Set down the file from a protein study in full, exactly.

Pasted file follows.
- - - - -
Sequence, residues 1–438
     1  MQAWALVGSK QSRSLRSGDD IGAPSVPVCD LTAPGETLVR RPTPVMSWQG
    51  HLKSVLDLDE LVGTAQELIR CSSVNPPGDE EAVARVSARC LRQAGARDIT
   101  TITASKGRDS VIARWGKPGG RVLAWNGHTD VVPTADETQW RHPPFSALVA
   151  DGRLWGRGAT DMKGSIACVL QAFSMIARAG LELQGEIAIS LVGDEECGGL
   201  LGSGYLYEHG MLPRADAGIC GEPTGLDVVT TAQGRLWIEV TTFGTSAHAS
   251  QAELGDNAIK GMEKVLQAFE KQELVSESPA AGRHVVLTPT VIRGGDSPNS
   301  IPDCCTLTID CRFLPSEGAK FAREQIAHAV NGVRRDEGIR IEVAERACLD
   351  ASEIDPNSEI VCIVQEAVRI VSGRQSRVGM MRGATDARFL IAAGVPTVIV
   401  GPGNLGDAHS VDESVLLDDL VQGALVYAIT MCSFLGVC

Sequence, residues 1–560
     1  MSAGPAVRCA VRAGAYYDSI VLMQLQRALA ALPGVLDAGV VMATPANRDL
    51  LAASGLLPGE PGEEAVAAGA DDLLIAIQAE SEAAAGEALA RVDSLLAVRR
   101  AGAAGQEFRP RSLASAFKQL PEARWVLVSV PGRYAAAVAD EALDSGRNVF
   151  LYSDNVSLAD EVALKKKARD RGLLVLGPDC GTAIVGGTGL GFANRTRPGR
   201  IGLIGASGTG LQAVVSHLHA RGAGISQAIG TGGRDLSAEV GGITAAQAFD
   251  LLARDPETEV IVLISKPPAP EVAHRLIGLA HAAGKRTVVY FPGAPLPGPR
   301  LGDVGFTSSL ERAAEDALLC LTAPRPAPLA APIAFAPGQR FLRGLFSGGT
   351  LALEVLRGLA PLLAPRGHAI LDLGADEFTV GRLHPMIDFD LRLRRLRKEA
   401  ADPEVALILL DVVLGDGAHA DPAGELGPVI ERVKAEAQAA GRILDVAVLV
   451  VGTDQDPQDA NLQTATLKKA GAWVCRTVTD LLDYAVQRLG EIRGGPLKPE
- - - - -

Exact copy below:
Sequence, residues 1–438
     1  MQAWALVGSK QSRSLRSGDD IGAPSVPVCD LTAPGETLVR RPTPVMSWQG
    51  HLKSVLDLDE LVGTAQELIR CSSVNPPGDE EAVARVSARC LRQAGARDIT
   101  TITASKGRDS VIARWGKPGG RVLAWNGHTD VVPTADETQW RHPPFSALVA
   151  DGRLWGRGAT DMKGSIACVL QAFSMIARAG LELQGEIAIS LVGDEECGGL
   201  LGSGYLYEHG MLPRADAGIC GEPTGLDVVT TAQGRLWIEV TTFGTSAHAS
   251  QAELGDNAIK GMEKVLQAFE KQELVSESPA AGRHVVLTPT VIRGGDSPNS
   301  IPDCCTLTID CRFLPSEGAK FAREQIAHAV NGVRRDEGIR IEVAERACLD
   351  ASEIDPNSEI VCIVQEAVRI VSGRQSRVGM MRGATDARFL IAAGVPTVIV
   401  GPGNLGDAHS VDESVLLDDL VQGALVYAIT MCSFLGVC

Sequence, residues 1–560
     1  MSAGPAVRCA VRAGAYYDSI VLMQLQRALA ALPGVLDAGV VMATPANRDL
    51  LAASGLLPGE PGEEAVAAGA DDLLIAIQAE SEAAAGEALA RVDSLLAVRR
   101  AGAAGQEFRP RSLASAFKQL PEARWVLVSV PGRYAAAVAD EALDSGRNVF
   151  LYSDNVSLAD EVALKKKARD RGLLVLGPDC GTAIVGGTGL GFANRTRPGR
   201  IGLIGASGTG LQAVVSHLHA RGAGISQAIG TGGRDLSAEV GGITAAQAFD
   251  LLARDPETEV IVLISKPPAP EVAHRLIGLA HAAGKRTVVY FPGAPLPGPR
   301  LGDVGFTSSL ERAAEDALLC LTAPRPAPLA APIAFAPGQR FLRGLFSGGT
   351  LALEVLRGLA PLLAPRGHAI LDLGADEFTV GRLHPMIDFD LRLRRLRKEA
   401  ADPEVALILL DVVLGDGAHA DPAGELGPVI ERVKAEAQAA GRILDVAVLV
   451  VGTDQDPQDA NLQTATLKKA GAWVCRTVTD LLDYAVQRLG EIRGGPLKPE